Many of the other banks were engaged in the same shenanigans as Goldman. Yves Smith at Naked Capitaism cites one example:
“The Wall Street Journal reports that Dutch bank Rabobank has filed a suit alleging that Merrill Lynch engaged in the same type of behavior as Goldman did with John Paulson, namely, devising a CDO on behalf of a hedge fund who was using it to take a short position, and not disclosing that fact to investors in the deal.”
Of course, compared to Lehman Bros. $100 billion “Repo 105” off-balance sheet swindle, the Goldman scam looks trivial. So, where are the subpoenas, the indictments, the criminal prosecutions?
Last week, the Senate Subcommittee on Investigations exposed a veritable breeding-ground of larceny, malfeasance and fraud at Washington Mutual. Here’s a clip from Senator Carl Levin’s opening statement which sums up what was going on at WaMu:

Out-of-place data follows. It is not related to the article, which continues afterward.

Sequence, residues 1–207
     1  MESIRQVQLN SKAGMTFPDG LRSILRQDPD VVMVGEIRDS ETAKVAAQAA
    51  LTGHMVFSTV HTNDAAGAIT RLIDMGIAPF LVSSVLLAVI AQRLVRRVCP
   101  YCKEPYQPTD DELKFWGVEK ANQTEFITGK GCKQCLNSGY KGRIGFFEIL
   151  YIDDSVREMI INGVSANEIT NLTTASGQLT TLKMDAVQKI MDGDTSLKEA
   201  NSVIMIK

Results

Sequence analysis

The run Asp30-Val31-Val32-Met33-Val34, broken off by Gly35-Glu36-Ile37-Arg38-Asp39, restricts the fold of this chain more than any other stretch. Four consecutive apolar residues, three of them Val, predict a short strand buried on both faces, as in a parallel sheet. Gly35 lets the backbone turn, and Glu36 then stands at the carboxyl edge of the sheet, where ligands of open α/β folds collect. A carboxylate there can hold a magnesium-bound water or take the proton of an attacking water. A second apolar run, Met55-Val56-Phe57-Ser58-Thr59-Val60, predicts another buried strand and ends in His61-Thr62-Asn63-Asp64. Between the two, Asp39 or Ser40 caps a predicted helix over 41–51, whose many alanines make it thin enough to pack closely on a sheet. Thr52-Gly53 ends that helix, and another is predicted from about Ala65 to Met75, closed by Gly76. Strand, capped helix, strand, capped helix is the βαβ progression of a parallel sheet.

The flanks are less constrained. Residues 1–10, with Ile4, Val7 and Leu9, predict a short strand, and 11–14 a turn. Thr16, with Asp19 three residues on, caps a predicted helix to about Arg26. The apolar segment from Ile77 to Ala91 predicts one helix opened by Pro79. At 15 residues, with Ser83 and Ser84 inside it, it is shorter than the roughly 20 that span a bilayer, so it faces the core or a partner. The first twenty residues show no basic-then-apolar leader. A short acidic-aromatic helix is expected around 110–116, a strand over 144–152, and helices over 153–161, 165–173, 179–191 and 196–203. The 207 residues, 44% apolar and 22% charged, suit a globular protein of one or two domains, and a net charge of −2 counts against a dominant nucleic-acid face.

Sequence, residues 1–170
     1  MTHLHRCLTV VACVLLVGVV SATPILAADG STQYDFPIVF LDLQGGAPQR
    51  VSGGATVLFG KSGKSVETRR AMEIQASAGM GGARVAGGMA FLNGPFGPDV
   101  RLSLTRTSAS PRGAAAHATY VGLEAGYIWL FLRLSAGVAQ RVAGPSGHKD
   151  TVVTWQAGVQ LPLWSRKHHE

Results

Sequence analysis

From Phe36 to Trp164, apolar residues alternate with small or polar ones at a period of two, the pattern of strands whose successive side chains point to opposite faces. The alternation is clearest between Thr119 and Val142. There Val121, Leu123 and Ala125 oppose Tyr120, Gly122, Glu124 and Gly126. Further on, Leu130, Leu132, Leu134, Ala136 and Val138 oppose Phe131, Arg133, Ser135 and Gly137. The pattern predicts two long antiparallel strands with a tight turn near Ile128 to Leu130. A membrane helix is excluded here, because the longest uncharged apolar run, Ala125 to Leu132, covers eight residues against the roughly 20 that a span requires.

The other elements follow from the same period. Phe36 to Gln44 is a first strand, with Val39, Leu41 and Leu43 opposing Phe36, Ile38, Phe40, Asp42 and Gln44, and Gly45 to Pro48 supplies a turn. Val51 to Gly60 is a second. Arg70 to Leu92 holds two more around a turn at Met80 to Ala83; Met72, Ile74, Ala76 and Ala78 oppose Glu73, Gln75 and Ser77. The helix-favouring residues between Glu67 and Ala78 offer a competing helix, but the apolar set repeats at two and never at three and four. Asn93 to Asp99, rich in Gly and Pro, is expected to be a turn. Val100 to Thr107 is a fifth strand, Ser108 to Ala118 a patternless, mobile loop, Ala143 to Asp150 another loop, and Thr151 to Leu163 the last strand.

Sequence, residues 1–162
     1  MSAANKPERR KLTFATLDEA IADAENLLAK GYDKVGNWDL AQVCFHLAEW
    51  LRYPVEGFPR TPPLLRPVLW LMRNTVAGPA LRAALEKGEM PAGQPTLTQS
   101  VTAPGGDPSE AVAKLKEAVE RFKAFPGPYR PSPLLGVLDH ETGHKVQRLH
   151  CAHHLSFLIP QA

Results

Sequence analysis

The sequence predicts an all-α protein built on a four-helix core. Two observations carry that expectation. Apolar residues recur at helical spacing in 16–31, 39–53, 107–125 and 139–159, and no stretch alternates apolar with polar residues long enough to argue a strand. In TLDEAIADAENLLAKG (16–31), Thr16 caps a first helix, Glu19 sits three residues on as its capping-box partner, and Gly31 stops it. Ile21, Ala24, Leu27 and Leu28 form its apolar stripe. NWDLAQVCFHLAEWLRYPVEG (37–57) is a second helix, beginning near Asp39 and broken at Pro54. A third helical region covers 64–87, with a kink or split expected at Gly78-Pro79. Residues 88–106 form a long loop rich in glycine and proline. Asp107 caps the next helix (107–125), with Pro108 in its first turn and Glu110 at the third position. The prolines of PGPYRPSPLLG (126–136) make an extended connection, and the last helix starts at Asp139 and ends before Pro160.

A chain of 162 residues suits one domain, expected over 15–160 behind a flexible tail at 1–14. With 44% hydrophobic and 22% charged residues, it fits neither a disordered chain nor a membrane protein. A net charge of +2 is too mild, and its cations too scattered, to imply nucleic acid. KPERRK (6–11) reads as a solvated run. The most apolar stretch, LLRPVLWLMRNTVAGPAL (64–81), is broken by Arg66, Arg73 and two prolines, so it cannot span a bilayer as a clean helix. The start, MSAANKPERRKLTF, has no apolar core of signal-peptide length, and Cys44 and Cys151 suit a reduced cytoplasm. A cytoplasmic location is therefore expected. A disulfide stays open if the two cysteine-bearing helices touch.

“Tuesday’s hearing, shows how, over a 5-year period, from 2003 to 2008, Washington Mutual and its subprime lender, Long Beach, loaded up with risk. The bank dumped low-risk 30-year fixed loans in favor of high risk subprime, option ARM, and home equity loans. High risk loans grew from one-third to three-quarters of the bank’s home loan business.
“Those high risk loans were problem-plagued… In one instance, a year-long internal WaMu probe found that two of WaMu’s top loan producing offices were issuing loans with fraud rates of 58 per cent and 83 per cent…. At still another loan office, a sales associate admitted ‘manufacturing’ documents to support quick loan closings.